What Canadians Should Know About Marriage and Citizenship
With immigration laws constantly in flux, it’s important that Canadians stay aware of what is and isn’t allowed, especially when it comes to marriage. The last thing anyone should do is assume that marriage automatically means citizenship. You and a spouse as well as dependent children may find yourselves facing an impossible situation based on an assumption of citizenship. Here are some important things to know related to Canada, marriage and immigration.
Becoming a Canadian Citizen
Let’s be clear. Marrying a Canadian does not grant citizenship, nor does it afford special privileges or shortcuts in the naturalization process. The basic requirements for becoming a citizen are standard across the board:
- You must be a permanent resident.
- You must have lived in the country for three out of the past five years.
- Your taxes must be filed, if applicable.
- You need to pass an exam covering your rights, duties and knowledge of Canada.
- You must demonstrate a certain level of language proficiency.
Depending on your situation, there may be other requirements specific to you or a partner. A Canadian can sponsor a husband or wife for permanent residency if that person doesn’t live within the borders. This can also be done for dependent children who aren’t permanent residents and who can be financially supported without need of government assistance. Check the Canadian government’s website regarding immigration and naturalization for full details.
Marrying a U.S. Citizen
For Canadians considering life south of the border, marriage to a U.S. citizen doesn’t automatically guarantee naturalization. The path to citizenship in the United States requires certain steps to make sure neither you nor your loved one run afoul of immigration regulations:
- K-1 or Fiancé Visa. If you’re a U.S. citizen wanting to bring a Canadian fiancé south to marry, you’ll need to file a petition to secure a K-1 non-immigrant or fiancé visa. In order to obtain this visa, the marriage must be valid and occur within 90 days. You can’t get married simply for the sake of facilitating immigration. There should be real intent to live and love as a married couple. Once the marriage is complete, the Canadian spouse can then apply for permanent resident status, or a green card.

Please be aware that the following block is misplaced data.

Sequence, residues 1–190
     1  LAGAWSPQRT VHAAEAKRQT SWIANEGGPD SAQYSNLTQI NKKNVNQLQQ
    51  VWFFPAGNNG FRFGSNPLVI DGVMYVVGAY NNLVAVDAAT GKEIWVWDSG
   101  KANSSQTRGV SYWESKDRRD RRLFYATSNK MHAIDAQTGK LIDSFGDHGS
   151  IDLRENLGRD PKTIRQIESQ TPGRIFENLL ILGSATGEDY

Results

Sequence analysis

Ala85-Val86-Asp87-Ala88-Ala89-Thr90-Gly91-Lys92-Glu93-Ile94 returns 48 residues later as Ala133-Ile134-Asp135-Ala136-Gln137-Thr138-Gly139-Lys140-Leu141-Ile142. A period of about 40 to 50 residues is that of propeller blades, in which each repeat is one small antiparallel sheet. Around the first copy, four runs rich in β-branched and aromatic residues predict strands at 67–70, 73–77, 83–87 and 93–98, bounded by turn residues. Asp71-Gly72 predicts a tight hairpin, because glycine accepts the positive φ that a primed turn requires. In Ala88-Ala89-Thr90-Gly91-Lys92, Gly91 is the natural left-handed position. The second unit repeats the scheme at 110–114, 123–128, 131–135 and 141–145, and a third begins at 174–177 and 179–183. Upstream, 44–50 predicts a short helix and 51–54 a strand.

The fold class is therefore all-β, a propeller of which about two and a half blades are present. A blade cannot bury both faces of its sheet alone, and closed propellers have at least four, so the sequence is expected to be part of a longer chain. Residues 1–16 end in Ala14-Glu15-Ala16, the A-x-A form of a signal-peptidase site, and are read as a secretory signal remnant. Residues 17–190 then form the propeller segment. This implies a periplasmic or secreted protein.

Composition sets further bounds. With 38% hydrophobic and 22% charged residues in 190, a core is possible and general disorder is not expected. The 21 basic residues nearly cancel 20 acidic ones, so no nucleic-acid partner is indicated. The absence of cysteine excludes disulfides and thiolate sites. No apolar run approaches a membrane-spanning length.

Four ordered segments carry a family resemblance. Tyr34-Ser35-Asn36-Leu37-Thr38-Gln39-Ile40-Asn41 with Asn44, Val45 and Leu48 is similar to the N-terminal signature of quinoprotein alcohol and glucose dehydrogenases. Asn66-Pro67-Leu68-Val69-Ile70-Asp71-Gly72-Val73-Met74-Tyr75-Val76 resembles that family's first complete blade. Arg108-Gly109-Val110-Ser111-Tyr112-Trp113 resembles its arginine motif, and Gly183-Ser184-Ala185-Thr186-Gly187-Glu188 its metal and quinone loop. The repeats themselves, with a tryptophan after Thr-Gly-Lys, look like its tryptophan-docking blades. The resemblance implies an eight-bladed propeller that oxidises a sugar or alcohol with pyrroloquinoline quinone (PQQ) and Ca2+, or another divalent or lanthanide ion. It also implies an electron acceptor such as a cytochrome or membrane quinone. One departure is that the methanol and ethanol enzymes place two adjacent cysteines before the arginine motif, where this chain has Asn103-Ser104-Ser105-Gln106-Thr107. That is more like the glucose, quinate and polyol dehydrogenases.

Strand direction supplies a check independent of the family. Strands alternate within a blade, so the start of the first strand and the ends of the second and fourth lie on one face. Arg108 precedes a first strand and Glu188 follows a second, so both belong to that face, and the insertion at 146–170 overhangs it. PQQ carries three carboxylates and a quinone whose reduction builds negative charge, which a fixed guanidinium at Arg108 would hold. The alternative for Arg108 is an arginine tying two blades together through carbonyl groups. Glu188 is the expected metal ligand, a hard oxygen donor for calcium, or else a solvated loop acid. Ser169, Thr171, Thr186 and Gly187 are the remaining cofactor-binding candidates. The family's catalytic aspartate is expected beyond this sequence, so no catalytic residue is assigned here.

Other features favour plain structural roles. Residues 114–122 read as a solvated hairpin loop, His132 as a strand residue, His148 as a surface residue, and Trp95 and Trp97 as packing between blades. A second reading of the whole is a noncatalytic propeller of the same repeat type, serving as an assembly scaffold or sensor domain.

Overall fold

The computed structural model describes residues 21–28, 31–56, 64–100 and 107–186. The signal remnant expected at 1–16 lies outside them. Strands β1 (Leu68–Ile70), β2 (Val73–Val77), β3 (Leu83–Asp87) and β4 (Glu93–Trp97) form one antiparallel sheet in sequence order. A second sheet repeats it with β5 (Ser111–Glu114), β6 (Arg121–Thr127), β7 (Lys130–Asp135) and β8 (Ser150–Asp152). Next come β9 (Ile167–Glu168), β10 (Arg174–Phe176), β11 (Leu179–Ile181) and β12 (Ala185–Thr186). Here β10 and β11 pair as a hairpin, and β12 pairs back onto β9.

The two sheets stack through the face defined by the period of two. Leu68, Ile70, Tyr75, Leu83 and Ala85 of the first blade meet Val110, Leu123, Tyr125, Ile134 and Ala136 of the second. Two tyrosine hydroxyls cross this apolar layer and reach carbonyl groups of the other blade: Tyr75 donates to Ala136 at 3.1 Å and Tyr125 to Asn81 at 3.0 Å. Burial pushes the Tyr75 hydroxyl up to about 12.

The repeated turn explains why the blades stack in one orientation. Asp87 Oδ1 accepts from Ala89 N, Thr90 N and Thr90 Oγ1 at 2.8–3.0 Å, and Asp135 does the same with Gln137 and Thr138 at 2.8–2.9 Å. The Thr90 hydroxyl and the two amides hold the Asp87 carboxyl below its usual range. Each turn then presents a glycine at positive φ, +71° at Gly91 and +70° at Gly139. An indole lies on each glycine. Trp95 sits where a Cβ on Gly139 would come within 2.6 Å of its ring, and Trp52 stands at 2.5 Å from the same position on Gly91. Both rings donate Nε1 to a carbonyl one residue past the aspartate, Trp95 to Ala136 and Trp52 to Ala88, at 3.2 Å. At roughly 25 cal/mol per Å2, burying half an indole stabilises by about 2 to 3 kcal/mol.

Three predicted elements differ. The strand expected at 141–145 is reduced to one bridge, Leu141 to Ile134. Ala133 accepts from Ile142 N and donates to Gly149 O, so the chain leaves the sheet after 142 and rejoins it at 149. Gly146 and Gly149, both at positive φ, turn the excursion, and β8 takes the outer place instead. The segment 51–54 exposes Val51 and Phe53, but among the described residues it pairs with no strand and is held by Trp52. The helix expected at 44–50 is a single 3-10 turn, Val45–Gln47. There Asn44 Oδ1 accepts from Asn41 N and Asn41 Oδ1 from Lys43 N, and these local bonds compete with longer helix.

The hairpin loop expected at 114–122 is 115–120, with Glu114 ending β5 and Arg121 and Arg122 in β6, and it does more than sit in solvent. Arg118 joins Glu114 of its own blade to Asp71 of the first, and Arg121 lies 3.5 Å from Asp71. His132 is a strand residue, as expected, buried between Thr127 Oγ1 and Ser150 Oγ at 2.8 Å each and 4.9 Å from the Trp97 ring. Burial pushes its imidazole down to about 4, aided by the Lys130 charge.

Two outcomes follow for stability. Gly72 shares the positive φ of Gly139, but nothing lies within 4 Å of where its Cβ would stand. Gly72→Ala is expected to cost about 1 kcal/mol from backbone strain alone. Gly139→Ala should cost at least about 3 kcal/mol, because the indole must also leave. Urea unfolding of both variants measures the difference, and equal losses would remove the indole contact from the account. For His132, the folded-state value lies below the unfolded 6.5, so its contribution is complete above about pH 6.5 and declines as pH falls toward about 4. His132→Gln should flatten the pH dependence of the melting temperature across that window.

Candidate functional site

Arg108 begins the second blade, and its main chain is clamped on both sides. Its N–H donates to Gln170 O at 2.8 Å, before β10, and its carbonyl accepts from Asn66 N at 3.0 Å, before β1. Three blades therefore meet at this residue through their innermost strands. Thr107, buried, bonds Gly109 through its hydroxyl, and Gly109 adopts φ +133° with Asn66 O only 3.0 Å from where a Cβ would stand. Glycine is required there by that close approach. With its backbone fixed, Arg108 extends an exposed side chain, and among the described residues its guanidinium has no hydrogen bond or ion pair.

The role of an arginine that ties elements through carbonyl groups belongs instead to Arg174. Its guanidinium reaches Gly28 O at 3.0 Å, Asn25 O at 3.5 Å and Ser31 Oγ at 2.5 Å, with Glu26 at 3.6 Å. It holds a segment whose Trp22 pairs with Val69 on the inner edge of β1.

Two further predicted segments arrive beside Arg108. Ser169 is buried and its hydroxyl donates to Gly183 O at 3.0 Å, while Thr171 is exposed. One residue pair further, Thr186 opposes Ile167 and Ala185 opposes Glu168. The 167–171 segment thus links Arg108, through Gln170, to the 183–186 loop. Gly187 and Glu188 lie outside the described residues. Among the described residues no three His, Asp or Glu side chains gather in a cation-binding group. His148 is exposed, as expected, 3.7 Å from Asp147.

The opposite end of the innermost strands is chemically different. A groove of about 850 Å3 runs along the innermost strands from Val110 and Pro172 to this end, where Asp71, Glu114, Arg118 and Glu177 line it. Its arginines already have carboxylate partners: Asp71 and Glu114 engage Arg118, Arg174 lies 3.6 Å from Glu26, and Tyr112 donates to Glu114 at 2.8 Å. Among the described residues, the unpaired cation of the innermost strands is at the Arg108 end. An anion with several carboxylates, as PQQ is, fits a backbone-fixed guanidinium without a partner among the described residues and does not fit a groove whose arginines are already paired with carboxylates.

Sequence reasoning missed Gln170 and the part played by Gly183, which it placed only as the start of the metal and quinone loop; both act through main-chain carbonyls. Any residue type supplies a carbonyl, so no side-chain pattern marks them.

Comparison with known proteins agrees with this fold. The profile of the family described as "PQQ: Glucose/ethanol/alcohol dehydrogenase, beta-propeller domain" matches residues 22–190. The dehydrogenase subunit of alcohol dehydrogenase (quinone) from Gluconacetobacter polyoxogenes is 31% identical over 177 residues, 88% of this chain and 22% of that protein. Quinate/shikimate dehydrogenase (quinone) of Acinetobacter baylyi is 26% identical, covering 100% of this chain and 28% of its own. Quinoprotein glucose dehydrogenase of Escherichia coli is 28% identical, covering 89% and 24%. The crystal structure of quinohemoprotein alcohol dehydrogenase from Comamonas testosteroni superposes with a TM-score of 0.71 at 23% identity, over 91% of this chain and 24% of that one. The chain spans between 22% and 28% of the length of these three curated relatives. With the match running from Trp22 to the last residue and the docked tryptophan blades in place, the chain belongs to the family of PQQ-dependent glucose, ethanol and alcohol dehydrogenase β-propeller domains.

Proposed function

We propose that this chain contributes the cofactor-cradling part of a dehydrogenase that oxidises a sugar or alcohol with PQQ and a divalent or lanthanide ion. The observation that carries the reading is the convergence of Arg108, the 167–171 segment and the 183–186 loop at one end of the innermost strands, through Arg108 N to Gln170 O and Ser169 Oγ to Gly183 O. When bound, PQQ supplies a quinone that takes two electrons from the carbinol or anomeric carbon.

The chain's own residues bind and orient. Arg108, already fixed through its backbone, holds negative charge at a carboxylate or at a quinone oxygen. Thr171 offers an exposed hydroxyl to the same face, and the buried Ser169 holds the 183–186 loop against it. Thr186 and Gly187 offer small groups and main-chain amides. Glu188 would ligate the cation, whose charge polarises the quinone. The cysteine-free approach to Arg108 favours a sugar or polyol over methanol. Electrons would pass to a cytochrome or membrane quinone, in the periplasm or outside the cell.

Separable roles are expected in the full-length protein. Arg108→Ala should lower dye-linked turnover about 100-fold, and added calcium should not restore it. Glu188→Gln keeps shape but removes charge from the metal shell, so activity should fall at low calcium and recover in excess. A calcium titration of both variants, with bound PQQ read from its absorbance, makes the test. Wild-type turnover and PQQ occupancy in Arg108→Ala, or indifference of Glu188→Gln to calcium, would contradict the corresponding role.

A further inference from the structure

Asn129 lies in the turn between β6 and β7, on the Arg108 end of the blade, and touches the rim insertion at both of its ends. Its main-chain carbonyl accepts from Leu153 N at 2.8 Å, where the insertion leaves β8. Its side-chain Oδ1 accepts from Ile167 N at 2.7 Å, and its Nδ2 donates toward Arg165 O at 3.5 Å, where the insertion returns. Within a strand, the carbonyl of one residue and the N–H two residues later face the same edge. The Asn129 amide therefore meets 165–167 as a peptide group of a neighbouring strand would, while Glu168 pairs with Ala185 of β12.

- Temporary Work Authorization. A fiancé can apply for a temporary work authorization after being admitted on a K-1 visa. This authorization is only good for 90 days after entry into the United States. Consider applying for a work authorization and green card at the same time for permission to work that lasts up to a year and can be extended in one-year increments. The green card provides permanent resident status and full work authorization.
- Marriage Green Card. Canadians can apply for permanent residency if they’re already married to American citizens. The American spouse can file a Petition for Alien Relative to obtain a green card, yet must demonstrate the ability to financially support the Canadian companion. At the same time, the northern spouse can complete an Application to Register Permanent Residence or Adjust Status to change his or her immigration status.
- After being a green card holder for three years, the Canadian spouse can apply for citizenship if other eligibility requirements have been met.
Building a life together with a fiancé or a spouse that isn’t a citizen of the planned country of residence can become difficult or impossible without paying careful attention to the rules. It’s unwise to assume that being Canadian or American facilitates the naturalization processes on either side of the border. Because you’re looking at a lifetime together that may also involve dependent children, consider talking to an immigration attorney or specialist, especially if there are special circumstances that are unique to you and your partner.